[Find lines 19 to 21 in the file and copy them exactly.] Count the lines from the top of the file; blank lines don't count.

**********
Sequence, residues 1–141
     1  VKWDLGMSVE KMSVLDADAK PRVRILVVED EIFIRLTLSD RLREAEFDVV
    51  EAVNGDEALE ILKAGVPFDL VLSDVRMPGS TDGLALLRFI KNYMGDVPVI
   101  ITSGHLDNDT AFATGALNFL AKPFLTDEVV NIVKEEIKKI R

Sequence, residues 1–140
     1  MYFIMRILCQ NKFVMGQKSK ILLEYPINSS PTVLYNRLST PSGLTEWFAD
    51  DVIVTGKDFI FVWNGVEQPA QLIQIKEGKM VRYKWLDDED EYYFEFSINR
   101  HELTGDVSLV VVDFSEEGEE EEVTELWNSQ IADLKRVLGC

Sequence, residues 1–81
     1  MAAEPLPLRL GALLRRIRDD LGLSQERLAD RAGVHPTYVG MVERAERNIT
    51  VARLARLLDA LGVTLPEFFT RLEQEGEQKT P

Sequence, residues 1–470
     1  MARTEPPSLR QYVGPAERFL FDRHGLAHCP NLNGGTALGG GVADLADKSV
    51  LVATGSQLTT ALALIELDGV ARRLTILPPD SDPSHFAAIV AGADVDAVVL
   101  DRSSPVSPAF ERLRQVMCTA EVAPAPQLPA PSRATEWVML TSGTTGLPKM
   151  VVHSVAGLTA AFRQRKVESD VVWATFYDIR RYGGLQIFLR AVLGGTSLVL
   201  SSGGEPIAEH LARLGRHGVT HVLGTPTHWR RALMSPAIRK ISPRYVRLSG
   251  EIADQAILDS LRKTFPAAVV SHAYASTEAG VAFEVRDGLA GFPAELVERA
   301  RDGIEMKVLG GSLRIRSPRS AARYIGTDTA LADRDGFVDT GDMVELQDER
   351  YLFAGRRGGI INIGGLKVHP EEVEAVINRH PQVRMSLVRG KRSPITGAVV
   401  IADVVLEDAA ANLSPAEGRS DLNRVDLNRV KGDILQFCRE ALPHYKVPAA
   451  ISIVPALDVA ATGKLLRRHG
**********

   301  RDGIEMKVLG GSLRIRSPRS AARYIGTDTA LADRDGFVDT GDMVELQDER
   351  YLFAGRRGGI INIGGLKVHP EEVEAVINRH PQVRMSLVRG KRSPITGAVV
   401  IADVVLEDAA ANLSPAEGRS DLNRVDLNRV KGDILQFCRE ALPHYKVPAA